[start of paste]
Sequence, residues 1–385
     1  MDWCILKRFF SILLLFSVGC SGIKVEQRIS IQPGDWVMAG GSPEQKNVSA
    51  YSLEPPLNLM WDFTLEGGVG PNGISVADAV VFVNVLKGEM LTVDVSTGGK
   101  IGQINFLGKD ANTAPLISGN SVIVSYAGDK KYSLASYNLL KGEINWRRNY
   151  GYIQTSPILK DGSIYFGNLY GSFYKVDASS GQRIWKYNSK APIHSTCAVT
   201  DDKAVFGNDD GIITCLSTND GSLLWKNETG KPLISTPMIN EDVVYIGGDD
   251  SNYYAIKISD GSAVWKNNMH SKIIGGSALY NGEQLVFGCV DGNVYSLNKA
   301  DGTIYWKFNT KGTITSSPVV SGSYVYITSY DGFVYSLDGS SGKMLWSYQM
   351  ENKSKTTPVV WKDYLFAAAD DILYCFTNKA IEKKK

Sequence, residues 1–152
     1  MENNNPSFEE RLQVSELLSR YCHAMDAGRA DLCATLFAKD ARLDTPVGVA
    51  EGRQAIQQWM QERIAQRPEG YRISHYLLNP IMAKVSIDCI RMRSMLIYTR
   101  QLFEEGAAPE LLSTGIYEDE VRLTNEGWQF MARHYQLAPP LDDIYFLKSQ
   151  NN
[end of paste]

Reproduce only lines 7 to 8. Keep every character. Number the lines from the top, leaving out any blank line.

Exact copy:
   251  SNYYAIKISD GSAVWKNNMH SKIIGGSALY NGEQLVFGCV DGNVYSLNKA
   301  DGTIYWKFNT KGTITSSPVV SGSYVYITSY DGFVYSLDGS SGKMLWSYQM